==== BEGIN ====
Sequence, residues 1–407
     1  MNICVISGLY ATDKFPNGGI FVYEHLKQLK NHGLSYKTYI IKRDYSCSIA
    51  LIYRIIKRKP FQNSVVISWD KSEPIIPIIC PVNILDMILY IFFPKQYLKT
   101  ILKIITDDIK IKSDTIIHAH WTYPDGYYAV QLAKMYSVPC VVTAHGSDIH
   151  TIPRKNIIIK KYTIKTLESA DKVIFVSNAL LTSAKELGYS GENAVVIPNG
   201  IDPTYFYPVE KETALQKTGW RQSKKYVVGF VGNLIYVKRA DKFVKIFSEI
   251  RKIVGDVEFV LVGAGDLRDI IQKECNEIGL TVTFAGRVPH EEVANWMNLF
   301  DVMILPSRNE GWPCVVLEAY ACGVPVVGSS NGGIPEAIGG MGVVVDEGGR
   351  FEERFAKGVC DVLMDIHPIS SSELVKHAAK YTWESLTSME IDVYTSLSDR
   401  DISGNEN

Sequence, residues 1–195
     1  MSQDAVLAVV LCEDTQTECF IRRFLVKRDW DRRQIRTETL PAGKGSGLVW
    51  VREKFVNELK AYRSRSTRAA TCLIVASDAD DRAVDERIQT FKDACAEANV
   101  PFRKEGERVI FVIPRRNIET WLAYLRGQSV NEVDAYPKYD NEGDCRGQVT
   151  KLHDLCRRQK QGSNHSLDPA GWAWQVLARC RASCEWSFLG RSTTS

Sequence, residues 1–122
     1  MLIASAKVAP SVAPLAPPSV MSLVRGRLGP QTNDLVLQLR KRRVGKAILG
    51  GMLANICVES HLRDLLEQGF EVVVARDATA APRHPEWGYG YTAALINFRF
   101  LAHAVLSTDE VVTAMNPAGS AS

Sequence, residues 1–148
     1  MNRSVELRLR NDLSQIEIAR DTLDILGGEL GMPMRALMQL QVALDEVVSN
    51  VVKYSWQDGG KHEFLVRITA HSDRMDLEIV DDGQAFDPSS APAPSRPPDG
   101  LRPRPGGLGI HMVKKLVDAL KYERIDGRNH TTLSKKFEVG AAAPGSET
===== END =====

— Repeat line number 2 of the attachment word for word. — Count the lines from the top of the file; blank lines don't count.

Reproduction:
     1  MNICVISGLY ATDKFPNGGI FVYEHLKQLK NHGLSYKTYI IKRDYSCSIA